Home Equipping Leaders CONTENT LIBRARY Police Brutality: Stop Criminalizing Communities of Color in the United States

Police Brutality: Stop Criminalizing Communities of Color in the United States

Guest Contributor: Rev. Neal Christie, former Assistant General Secretary of The General Board of Church and Society

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(Photo credit: Koshu Kunii, unsplash.com)

Police brutality continues unabated. More than 120 people were killed by police officers during routine traffic stops in 2020 alone. Black people have also been pulled over at disproportionate rates with deadly consequences.

We call on enforcement and protection of international human rights law central to criminal justice and immigration policy; requires police departments to publicly establish standards of police conduct and policies for promotion that incorporate training in peacekeeping, life-protecting, other service roles, and law enforcement. We encourage congregations to be in open dialogue with impacted communities and work to ensure a culture of trust and transparency. The Charter for Racial Justice calls us to challenge institutional racism. Also, The United Methodist Church’s Social Principles (¶ 164H) calls United Methodists to practice restorative justice, seeking alternatives to retribution and restoration of right relationships among all God’s people.

So, The United Methodist Church calls on local and national governments to:

  • Stop the criminalization of communities of color and the cacophony of “wars” being waged against these communities.
  • Make the enforcement and protection of international human rights law central to criminal justice and immigration policy.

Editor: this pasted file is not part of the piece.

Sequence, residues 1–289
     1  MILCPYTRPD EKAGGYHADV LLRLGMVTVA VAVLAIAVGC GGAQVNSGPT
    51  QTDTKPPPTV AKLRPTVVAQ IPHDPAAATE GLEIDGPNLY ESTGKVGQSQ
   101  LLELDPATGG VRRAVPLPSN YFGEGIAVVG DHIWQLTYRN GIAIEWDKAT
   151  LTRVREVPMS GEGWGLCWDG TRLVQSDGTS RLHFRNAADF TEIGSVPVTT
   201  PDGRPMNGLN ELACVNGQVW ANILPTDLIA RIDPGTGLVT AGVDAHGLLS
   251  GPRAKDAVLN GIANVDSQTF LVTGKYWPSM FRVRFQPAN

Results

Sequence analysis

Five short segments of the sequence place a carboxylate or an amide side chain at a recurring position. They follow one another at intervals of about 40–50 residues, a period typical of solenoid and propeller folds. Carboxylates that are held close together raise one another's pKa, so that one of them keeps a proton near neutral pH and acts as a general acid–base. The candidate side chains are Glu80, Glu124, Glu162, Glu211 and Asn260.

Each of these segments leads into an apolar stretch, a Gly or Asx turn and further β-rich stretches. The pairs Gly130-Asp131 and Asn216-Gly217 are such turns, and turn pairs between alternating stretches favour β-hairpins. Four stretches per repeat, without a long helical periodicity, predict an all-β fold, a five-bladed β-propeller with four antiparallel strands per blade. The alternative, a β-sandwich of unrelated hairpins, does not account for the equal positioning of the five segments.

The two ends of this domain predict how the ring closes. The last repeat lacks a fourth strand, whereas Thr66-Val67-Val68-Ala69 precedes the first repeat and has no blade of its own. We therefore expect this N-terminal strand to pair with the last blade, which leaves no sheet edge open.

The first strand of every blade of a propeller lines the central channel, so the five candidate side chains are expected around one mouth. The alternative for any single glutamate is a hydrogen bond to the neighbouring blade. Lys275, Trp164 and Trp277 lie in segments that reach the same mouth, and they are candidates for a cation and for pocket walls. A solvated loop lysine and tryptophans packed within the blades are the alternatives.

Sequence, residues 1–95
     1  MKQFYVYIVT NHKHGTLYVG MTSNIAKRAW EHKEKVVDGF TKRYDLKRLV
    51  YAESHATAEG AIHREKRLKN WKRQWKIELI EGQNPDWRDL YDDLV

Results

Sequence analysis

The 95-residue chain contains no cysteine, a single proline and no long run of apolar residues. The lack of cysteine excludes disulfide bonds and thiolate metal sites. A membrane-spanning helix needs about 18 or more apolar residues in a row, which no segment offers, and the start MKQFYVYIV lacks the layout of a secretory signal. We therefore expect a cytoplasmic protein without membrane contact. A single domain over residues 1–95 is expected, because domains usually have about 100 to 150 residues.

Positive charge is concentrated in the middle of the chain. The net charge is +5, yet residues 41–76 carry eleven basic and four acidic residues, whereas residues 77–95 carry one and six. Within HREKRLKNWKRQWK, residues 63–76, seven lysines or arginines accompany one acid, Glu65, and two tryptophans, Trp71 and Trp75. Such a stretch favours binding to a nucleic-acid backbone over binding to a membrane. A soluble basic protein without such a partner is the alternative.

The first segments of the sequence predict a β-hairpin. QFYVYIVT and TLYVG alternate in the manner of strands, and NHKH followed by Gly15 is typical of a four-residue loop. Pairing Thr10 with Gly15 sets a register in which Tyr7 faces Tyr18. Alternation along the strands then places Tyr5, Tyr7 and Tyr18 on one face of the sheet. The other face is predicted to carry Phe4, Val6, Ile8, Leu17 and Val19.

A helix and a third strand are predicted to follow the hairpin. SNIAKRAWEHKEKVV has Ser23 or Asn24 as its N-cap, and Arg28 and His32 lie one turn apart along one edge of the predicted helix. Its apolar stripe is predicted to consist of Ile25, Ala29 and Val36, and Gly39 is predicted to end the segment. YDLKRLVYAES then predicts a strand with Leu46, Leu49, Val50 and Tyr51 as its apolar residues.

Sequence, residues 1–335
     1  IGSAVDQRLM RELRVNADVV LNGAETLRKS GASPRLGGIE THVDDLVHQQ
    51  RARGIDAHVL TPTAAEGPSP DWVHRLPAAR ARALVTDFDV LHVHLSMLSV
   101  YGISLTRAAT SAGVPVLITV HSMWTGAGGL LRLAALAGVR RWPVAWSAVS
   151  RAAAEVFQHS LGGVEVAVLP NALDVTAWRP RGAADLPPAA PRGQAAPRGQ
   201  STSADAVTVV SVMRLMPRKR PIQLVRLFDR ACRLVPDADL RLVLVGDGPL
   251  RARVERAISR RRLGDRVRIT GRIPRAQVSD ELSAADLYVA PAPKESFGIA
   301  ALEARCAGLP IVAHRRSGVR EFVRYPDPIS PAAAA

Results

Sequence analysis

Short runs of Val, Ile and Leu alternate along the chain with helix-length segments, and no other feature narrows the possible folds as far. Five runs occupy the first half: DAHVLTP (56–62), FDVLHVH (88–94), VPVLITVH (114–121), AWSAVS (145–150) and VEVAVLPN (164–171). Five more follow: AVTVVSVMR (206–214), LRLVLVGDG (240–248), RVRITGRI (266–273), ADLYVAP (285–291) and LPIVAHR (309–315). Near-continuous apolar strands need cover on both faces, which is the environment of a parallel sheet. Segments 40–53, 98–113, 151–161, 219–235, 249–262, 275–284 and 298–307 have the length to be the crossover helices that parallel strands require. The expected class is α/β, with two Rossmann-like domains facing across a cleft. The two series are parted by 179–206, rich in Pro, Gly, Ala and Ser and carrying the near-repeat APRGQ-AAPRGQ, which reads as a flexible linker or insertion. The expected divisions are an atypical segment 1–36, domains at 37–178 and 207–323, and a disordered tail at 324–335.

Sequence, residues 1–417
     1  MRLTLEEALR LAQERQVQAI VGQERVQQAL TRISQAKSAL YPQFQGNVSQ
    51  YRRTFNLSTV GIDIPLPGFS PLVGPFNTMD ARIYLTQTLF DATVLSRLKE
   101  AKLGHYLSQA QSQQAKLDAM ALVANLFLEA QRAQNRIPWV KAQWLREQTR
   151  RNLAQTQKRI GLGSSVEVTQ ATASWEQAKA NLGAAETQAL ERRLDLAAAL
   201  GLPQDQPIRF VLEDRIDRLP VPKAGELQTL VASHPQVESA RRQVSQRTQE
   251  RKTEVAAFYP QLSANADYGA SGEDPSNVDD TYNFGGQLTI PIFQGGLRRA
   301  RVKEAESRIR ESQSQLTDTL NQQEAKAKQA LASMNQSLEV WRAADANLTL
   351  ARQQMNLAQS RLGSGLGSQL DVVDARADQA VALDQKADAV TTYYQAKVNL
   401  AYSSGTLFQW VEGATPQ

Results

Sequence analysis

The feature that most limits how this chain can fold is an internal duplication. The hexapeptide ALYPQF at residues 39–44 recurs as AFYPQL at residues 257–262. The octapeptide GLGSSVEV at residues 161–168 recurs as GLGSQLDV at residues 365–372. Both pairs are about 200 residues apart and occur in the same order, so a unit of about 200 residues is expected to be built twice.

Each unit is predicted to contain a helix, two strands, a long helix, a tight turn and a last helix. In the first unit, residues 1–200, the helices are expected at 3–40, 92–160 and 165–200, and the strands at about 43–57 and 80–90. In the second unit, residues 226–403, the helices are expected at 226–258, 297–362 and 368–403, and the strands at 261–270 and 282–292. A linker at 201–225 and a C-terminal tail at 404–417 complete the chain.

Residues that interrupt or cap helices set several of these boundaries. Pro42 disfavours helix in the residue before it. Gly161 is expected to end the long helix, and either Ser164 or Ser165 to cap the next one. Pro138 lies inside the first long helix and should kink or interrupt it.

• End racial/ethnic/religious profiling by law enforcement officers and end “zero tolerance” policies in schools.
  • Suspend ICE raids, end family detention and ALL incarceration of children in compliance with the United Nations Convention on the Rights of the Child. Keep families together.
  • End local police involvement in immigration enforcement (2012 Book of Resolutions, #3281).
  • End mandatory sentencing laws and mandatory detention policies, and affirm judicial discretion in sentencing and deportation rulings.
  • Restore the full citizenship rights, including the vote, to U.S. citizens with felony convictions; remove barriers to their employment and ability to secure housing and supportive services. Provide education and job creation so they can rejoin society.
  • Repeal employer sanctions and other measures that criminalize undocumented migrants seeking work. The United Methodist Task Force on Immigration, representing the Council of Bishops, agencies, and racial/ethnic caucuses should work to:
  • Affirm the humanity and inherent dignity of all who are under correctional control and examine links between criminal justice and immigrant enforcement policies as they impact communities of color.
  • Challenge the criminalization of migrants in the United States and globally by engaging annual and central conferences in advocacy. Build alliances with ecumenical and secular groups. General Board of Church and Society, General Commission on Religion and Race, the General Board of Global Ministries, and United Methodist Women should:
  • Develop local church resources on this issue with U.S. and international groups.
  • Work with central conferences to deepen research, analysis, and action on global migration policies.
  • Mobilize congregations to challenge private prisons and detention centers, and to advocate the release of prisoners held for nonviolent offenses. Annual conferences and local congregations should:
  • Challenge police engagement in immigration enforcement.
  • Call United Methodists to discernment on these issues through use of the Wesleyan Quadrilateral, as well as the frameworks of human rights, racial justice, and restorative justice. Use a critical lens regarding mass media. (See Resolution #8016, “Proper Use of Information Communication Technologies.”)
  • Engage with churches and local communities in speaking out publicly for police accountability regarding racial profiling, misconduct, abuse, and killings.
  • Work to end the use of solitary confinement.
  • Provide reentry ministries for people released from prison.

Further Information:

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